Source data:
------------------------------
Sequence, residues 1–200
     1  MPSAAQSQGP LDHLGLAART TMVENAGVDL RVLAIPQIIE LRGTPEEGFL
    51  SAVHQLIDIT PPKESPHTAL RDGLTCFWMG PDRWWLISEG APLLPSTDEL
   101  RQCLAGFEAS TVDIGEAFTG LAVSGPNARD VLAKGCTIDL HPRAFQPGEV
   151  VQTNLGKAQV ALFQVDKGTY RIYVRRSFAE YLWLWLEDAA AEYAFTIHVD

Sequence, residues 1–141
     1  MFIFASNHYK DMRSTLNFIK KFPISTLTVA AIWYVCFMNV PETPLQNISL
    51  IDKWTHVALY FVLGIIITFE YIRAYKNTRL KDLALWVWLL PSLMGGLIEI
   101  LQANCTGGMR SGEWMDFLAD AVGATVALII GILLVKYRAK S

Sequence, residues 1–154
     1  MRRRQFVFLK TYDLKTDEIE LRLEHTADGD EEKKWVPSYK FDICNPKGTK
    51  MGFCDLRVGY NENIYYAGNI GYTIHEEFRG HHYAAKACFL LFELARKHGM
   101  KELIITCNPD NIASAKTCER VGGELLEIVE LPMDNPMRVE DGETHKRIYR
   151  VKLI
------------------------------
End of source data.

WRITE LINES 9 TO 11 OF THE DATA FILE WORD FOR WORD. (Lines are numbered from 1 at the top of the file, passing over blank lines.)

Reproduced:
   101  LQANCTGGMR SGEWMDFLAD AVGATVALII GILLVKYRAK S

Sequence, residues 1–154
     1  MRRRQFVFLK TYDLKTDEIE LRLEHTADGD EEKKWVPSYK FDICNPKGTK